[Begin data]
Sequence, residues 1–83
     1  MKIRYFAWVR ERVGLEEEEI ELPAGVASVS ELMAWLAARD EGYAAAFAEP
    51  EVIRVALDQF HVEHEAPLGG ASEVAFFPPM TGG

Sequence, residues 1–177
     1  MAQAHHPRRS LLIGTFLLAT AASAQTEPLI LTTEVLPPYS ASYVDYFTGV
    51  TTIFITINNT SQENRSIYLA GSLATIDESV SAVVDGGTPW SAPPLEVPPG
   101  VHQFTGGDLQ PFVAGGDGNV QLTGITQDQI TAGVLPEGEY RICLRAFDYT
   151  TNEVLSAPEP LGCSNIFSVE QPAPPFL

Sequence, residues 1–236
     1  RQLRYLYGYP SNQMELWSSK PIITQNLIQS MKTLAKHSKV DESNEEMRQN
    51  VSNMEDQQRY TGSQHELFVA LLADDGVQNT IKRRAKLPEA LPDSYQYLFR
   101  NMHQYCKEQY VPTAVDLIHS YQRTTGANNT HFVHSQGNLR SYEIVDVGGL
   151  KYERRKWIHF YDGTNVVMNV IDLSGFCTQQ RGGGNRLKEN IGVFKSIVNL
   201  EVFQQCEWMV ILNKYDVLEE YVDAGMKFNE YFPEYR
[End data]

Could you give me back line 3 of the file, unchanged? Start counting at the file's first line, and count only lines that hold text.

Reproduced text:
    51  EVIRVALDQF HVEHEAPLGG ASEVAFFPPM TGG